June 26, 2019
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Nearly 700-year-old dugout canoe unearthed in mudflats on Maine’s coast

Courtesy of Tom Bradury via York County Coast Star
Courtesy of Tom Bradury via York County Coast Star
A team of scientists and archaeologists work to remove what is believed to be the oldest dugout canoe ever found in Maine from mudflats in Cape Porpoise Harbor on June 1.

KENNEBUNKPORT, Maine — In Cape Porpoise Harbor on June 1, a team of scientists and archaeologists expertly excavated what is believed to be the oldest dugout canoe ever found in Maine.

The canoe was first identified late last fall by archaeologist Tim Spahr, principal investigator for the Cape Porpoise Archaeological Alliance.

While conducting a surface survey of the intertidal zone, Spahr located the remains of the dugout canoe, made from a hollowed tree trunk, which was revealed due to a significant sand shift. Carbon testing dates the canoe between 1280 and 1380.

Spahr assembled a team of expert archaeologists, including Dr. Gemma Hudgell and Dr. Arthur Anderson with the University of New England and Dr. Gabe Hrynick of the University of New Brunswick, to excavate the 10-foot birch canoe.

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Volunteer students in Anderson and Hrynick’s field school assisted in the painstaking work, Spahr said.

“We started a few days before, building a custom crate to carry the canoe,” Spahr said. On the morning of June 1, while they waited for the tide, the team conducted training and practiced how they would move the canoe.

“A few of us went in with wetsuits and snorkeling gear to move the sand before the tide subsided,” he said.

At around 2 p.m. the tide was low enough for crews to get handmade straps under the canoe, and they were able to lift it out and into the crate.

“It was incredibly volatile. It did suffer a few cracks in the wood, but we were able to get it into the crate in one piece,” Spahr said.

Spahr said the sand preserved the wood, and now the conservation and preservation process will take place in an effort to preserve it for study and display.

The Cape Porpoise Archaeological Alliance was formed in 2017 to conduct scientific archaeological research on the islands and intertidal zone of Cape Porpoise Harbor. The partnership is a collaboration between the Kennebunkport Conservation Trust and the Brick Store Museum, with Spahr serving as the principal archaeologist and investigator.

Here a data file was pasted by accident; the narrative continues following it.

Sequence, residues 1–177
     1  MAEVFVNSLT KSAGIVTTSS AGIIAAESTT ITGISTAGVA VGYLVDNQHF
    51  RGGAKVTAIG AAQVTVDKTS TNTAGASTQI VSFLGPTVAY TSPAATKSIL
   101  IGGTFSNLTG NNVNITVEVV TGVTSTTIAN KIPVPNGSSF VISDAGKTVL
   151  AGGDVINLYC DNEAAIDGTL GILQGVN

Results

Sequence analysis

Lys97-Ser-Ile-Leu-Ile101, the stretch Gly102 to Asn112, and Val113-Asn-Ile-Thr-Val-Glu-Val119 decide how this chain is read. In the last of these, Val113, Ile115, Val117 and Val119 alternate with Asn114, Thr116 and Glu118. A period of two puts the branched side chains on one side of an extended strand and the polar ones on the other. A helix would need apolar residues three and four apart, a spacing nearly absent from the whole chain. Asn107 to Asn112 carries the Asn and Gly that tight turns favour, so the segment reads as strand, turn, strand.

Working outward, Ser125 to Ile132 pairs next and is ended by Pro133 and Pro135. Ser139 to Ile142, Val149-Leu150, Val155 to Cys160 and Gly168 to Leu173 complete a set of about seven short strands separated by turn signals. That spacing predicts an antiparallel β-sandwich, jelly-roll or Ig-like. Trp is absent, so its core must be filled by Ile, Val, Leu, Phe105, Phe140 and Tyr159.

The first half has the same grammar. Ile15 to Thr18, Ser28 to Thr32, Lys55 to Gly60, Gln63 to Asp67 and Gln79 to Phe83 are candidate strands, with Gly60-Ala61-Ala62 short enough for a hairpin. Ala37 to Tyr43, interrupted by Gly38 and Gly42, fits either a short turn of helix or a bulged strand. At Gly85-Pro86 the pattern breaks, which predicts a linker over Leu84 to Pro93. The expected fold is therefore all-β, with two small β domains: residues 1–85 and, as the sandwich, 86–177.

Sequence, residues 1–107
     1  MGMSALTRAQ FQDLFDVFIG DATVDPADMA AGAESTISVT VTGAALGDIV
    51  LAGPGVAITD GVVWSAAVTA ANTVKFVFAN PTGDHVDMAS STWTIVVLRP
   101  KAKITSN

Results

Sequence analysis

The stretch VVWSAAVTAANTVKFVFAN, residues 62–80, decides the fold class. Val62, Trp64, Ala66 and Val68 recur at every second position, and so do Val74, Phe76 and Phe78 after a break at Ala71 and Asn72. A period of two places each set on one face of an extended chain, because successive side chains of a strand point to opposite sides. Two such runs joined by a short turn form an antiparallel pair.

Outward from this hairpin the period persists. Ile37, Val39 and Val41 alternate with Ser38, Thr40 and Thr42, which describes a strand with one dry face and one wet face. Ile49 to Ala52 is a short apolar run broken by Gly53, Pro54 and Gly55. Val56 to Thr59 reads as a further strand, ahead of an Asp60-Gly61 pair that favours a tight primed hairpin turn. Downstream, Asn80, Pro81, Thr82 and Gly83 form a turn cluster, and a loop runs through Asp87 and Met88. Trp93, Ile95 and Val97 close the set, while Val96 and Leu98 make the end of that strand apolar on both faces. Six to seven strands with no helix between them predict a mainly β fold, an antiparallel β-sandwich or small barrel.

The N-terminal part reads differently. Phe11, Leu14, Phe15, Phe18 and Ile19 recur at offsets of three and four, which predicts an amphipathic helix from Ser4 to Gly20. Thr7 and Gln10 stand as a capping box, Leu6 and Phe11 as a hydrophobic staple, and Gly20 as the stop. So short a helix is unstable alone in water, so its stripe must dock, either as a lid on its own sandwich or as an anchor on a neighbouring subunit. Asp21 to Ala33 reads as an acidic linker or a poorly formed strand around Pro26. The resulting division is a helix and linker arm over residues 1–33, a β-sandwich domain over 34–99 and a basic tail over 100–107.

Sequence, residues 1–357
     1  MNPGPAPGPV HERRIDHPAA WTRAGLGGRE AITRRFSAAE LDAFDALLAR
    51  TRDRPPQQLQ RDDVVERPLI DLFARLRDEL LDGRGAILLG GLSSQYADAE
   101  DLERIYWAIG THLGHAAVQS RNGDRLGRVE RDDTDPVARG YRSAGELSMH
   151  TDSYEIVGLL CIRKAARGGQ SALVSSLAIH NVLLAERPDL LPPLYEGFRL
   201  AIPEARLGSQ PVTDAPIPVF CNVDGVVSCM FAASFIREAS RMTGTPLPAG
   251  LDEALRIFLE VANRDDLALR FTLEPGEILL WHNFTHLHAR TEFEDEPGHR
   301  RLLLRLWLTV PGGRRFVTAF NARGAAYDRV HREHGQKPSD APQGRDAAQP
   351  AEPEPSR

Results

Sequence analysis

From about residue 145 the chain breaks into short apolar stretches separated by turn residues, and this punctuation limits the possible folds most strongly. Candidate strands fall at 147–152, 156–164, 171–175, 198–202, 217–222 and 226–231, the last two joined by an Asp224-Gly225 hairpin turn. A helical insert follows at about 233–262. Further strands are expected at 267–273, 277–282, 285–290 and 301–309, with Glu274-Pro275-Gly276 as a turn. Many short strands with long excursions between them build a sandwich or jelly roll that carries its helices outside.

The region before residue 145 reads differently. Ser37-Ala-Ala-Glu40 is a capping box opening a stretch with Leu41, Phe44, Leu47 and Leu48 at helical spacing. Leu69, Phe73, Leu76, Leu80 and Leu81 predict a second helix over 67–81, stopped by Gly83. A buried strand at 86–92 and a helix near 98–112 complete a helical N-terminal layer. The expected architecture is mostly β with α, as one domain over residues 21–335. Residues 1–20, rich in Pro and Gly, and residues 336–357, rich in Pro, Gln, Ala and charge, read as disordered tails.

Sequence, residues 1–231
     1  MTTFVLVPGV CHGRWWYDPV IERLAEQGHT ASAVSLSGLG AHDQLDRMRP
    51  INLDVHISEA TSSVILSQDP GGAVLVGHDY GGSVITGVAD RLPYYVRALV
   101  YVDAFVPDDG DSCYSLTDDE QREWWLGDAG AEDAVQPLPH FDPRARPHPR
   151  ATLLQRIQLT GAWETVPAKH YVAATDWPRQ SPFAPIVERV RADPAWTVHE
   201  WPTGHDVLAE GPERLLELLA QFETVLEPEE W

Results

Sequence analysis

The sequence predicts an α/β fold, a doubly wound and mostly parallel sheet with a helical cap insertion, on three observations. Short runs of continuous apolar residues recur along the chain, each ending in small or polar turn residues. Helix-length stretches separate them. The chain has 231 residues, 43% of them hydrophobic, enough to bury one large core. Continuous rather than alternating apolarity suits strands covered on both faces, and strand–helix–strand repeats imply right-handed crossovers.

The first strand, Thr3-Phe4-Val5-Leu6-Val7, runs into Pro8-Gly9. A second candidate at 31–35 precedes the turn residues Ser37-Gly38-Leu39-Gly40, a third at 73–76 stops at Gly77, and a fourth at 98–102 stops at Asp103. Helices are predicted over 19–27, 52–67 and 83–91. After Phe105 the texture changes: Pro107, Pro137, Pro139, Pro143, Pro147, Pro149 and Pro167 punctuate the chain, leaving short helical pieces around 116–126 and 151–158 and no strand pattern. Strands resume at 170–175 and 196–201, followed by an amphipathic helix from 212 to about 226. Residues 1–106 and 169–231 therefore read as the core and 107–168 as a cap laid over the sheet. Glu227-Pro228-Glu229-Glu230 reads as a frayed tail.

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Spahr, a game warden who gained notoriety on the Animal Planet show “North Woods Law,” earned a degree in museum studies from Harvard University in 2016, where he focused on Maine archaeology.

Conservation Trust Director Tom Bradbury said having Spahr, a resident of Kennebunk, involved in the research of the Cape Porpoise islands brings a local connection to the work.

“Tim has a passion for this work and a fabulous eye for finding things,” Bradbury said.

“We’ve been working for some time on trying to find out the history of the islands. We started out looking for and finding evidence of the contact period between Europeans and Indians, and learning where that happened and what was that like,” Bradybury said. “We have since located artifacts that suggest occupation back as far as 7,000 years ago, so it has broadened the scope of the work.”

Bradbury said the discovery of the canoe and what can be learned from it will be fed into Kennebunkport Conservation Trust’s Trust in our Children Program, which is designed to give kids a sense of place, form a bond with the lands and expose them to the natural wonders of the world.

“This story will be a great addition to our children’s programs. It was exciting when the canoe was being dug out. It’s fascinating to think about what life was like here at that time and how it may have been used,” he said.

The canoe was taken to the Clement Clark Boathouse where it has to be immersed in fresh water for about a year, Spahr said.

Bradbury said they will have to make provisions for it, and move it somewhere where it won’t freeze in the winter.

Spahr said it’s important that the work to discover and preserve the history of the Kennebunkport islands is left to experts, and discourages others from what he called “picking.”

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He said that academically the canoe is an important discovery.

“Archaeology is about the people that used the object that’s discovered and learning about the people. Preserving it is understanding past cultures. Interpreting past cultures,” he said.

Spahr and Bradbury said they hope to create a citizen organization made up of volunteers to aid in the location of artifacts.

Spahr said artifacts like the canoe show that there were communities with activities such as fishing, farms and trading thousands of years ago. As part of his ongoing research he published a paper on an Algonquin fishing weir complex off Cape Porpoise’s Redin Island and believes those who used the canoe may have been from the Algonquin tribe.

“As stewards of the land, we want to find out more about those who once lived here. I’m hoping that this excites people’s imagination to continue that discovery,” Bradbury said. “There’s a time element to this as well. There’s an erosion factor and things are being washed away, so we have to discover these things and record them while we still can.”

 



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